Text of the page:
Navistar Partners With Plus on Hub-to-Hub Autonomous Trucks

Companies Actively Conducting Tests on Public Roads in Texas
Navistar Plus truck
Navistar and Plus are testing self-driving International trucks equipped with the Plus SuperDrive system in Texas. (Navistar)

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Truck maker Navistar Inc. has partnered with Plus, a developer of automated driving technology, to pave the way for hub-to-hub autonomous Class 8 trucks.

The companies announced March 12 that they have been actively testing self-driving International LT Series tractors equipped with the Plus SuperDrive system on public roads in Texas and plan to launch a commercial pilot program with fleet customers by the end of this year.

Today, the self-driving trucks have a safety driver behind the wheel as Navistar and Plus validate the technology, but the goal of the partnership is to commercialize fully autonomous, unmanned trucks to haul freight on major interstate routes between designated freight hubs.

Fully autonomous trucks hold the potential to improve highway safety and help alleviate fleets’ long-standing struggles to recruit and retain drivers, said Chet Ciesielski, vice president of Navistar’s on-highway business.

Chet Ciesielski of Navistar


“I see this as a need for the industry, and it’s a matter of when can we get there,” he said. “The fact that it’s coming is pretty inevitable.”

Navistar, a business unit of Traton Group, did not share a target date for commercially launching fully autonomous trucks, but Ciesielski said the company anticipates reaching that stage late in this decade.

Shawn Kerrigan, co-founder and chief operating officer at Plus, said the rollout of autonomous trucks will be a gradual shift, not something that will happen overnight.

“We see this as part of the overall solution to the growing problem of the driver shortage,” he said. “There’s this really clear market need for autonomous trucks. It’s really just a question of when.”

For now, the self-driving International trucks are hauling trailers carrying cinder blocks on initial test routes focused on the “Texas Triangle” connecting Dallas, Houston and San Antonio, Navistar’s Ciesielski said.

As the truck maker works with customers through its forthcoming pilot program, it plans to start moving freight with self-driving trucks and expand over time to other routes and geographies, he added.

Rather than replacing driver jobs, Navistar and Plus positioned autonomous trucks as a way for fleets to boost equipment utilization and help fill gaps in the industry’s workforce.

“[Fleets] have trucks sitting against the fence today, and they can’t get drivers in those trucks,” Ciesielski said.

The introduction of fully autonomous trucks on certain longhaul routes also could shift some driver jobs toward shorthaul routes that offer regular home time.

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“I think it brings a lot of opportunity to a driver,” Ciesielski said. “If you can have drivers doing more of the local work — doing that local delivery — they can see their families every night."

Before its agreement with Plus, Navistar partnered with another autonomous truck startup. In July 2020, Navistar and TuSimple announced plans to co-develop autonomous trucks with production targeted at that time for 2024, but the companies nixed that joint development agreement in December 2022. Currently, TuSimple is winding down its U.S. operations and shifting its focus to markets in the Asia-Pacific region.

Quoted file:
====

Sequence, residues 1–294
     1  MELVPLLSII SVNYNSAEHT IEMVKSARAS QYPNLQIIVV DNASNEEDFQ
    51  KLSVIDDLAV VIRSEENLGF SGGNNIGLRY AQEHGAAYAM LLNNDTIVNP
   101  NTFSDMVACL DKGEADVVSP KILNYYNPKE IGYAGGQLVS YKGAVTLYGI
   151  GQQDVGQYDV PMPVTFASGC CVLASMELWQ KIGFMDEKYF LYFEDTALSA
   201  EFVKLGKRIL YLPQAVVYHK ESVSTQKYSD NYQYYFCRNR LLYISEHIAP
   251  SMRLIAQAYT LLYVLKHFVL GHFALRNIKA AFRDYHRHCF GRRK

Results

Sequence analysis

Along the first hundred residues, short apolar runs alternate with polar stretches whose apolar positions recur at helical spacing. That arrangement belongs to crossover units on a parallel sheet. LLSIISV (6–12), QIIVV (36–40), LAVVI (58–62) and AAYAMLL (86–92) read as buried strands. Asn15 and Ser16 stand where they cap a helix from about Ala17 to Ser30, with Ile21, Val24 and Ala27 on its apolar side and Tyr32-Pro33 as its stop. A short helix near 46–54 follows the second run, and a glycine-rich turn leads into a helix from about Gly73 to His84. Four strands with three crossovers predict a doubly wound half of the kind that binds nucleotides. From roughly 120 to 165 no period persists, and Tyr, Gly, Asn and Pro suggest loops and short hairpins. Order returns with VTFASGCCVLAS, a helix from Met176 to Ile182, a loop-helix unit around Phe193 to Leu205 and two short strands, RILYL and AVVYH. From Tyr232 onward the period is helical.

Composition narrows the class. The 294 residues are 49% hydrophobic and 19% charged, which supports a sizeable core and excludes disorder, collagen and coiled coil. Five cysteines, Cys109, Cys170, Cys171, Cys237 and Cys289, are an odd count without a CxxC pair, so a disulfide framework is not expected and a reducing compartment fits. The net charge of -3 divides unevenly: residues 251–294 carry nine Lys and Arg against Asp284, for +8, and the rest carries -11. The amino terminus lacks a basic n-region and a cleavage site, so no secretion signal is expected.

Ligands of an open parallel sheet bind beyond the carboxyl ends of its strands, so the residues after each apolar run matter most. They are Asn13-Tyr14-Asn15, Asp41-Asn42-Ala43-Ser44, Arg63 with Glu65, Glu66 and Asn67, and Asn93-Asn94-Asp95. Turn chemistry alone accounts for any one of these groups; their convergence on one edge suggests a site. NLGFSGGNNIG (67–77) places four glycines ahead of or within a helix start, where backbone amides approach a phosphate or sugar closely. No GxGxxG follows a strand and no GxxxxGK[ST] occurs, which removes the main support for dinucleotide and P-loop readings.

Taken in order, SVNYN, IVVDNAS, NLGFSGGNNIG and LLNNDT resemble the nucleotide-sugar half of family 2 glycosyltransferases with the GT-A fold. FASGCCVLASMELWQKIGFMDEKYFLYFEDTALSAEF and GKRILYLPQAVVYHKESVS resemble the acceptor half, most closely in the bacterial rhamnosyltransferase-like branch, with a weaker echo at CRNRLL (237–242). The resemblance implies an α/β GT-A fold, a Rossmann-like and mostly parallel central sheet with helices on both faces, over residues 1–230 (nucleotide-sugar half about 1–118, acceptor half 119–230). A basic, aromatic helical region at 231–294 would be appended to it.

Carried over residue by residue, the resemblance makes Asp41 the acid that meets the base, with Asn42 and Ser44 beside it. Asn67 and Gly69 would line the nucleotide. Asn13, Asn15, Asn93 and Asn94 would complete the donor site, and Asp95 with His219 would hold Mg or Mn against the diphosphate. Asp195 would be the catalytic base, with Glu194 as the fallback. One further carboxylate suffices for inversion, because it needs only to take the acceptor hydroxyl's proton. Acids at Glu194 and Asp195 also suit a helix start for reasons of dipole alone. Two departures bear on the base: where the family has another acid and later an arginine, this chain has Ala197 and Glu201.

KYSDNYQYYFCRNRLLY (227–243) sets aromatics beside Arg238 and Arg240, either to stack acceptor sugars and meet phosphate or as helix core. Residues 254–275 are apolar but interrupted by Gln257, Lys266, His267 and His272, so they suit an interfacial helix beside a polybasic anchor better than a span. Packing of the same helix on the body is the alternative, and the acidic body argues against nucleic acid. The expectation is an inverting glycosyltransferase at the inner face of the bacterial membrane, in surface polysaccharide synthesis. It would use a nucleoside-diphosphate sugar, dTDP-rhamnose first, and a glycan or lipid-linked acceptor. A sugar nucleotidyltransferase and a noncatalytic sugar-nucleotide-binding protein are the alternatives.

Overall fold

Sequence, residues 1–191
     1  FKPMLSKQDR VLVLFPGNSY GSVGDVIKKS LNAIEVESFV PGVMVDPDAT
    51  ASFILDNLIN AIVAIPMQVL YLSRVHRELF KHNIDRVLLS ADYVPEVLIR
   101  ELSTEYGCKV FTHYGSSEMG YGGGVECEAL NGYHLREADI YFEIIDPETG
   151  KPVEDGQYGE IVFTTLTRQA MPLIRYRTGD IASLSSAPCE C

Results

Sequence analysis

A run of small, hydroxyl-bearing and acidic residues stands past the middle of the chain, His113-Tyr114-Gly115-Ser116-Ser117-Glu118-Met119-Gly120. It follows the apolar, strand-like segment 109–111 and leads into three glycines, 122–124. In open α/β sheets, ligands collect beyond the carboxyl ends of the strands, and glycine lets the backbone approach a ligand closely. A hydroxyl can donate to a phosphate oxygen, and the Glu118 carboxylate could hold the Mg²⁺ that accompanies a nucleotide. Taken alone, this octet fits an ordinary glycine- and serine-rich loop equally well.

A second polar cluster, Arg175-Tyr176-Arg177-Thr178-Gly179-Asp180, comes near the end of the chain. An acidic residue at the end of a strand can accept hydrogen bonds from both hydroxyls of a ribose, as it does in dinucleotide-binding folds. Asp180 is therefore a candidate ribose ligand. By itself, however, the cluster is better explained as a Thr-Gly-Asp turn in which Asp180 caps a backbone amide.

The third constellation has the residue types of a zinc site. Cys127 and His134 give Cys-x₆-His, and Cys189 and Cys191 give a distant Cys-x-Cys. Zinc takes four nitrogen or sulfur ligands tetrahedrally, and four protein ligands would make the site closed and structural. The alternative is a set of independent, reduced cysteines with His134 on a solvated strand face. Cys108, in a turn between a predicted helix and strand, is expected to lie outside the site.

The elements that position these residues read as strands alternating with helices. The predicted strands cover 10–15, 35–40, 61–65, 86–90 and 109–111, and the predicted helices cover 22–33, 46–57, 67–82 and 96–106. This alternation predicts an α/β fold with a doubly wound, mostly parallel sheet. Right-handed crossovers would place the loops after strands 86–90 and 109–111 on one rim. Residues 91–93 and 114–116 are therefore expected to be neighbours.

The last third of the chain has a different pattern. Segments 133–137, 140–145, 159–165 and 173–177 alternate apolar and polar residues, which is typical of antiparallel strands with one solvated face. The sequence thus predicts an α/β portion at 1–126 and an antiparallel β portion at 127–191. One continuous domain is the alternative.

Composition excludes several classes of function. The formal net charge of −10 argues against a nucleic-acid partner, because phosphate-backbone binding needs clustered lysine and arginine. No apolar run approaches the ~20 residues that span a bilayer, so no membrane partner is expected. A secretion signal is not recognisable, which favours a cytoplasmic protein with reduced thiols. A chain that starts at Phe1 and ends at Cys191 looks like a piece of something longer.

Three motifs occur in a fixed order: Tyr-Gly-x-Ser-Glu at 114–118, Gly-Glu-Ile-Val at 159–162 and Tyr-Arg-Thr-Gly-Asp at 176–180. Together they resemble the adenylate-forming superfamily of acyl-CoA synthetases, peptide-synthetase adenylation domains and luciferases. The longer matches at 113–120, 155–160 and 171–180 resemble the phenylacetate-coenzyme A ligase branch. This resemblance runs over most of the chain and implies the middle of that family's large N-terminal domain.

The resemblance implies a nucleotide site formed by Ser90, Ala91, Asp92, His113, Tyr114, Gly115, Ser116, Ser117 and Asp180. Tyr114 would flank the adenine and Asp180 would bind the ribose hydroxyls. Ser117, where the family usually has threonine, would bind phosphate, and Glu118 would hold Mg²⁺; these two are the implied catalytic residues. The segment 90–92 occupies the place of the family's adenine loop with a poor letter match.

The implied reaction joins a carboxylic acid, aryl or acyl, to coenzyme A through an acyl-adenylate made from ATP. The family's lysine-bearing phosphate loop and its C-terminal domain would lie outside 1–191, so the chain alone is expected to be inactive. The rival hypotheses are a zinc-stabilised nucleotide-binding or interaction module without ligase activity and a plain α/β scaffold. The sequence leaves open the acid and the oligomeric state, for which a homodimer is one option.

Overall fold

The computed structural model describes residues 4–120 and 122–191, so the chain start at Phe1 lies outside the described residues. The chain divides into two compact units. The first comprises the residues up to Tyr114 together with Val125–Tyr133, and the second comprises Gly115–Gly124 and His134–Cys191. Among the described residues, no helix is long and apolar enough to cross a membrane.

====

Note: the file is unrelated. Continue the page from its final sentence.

Safety driver in Navistar Plus truck

Navistar and Plus intend to deploy autonomous trucks in hub-to-hub operations in the future. Today, the companies’ test trucks operate with a safety driver behind the wheel. (Navistar)

Meanwhile, other autonomous truck developers such as Plus have been expanding their operations.

In addition to its work with Navistar, Plus is integrating its SuperDrive technology with trucks built by European manufacturers Scania and MAN, two other commercial vehicle brands within the Traton Group.

Shawn Kerrigan


Kerrigan said Plus’ agreement with Navistar and the other Traton brands embodies the industry collaboration needed to successfully introduce autonomous trucks.

“We think this type of customer-focused, integration partnership between technology [developer] and OEM is really going to be the winning combination in this space,” he said.

Plus, headquartered in Santa Clara, Calif., has operations in the United States, Europe and Australia. Apart from its new agreement with the Traton brands, Plus has separate OEM partnerships with hydrogen fuel cell truck manufacturer Nikola Corp. in the United States and with truck maker Iveco in Europe.

Plus has been developing both driver-assist and fully autonomous driving systems. In addition to its SuperDrive technology for fully autonomous vehicles, the company has introduced a driver-assist system called PlusDrive that automates acceleration, braking and steering but still requires the driver to watch the road and actively monitor the system’s performance.

Other truck manufacturers also have been forming partnerships with developers of autonomous driving technology in recent years.


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Self-driving truck firm Aurora is integrating its technology on Class 8 vehicles from Volvo Trucks North America and Paccar Inc., the parent of Kenworth Truck Co. and Peterbilt Motors Co.

Daimler Truck, which builds Freightliner trucks in North America, is working on autonomous truck development with its independent subsidiary Torc Robotics.

In the medium-duty space, autonomous truck firm Gatik has been collaborating with Isuzu North America to integrate its technology on self-driving box trucks.

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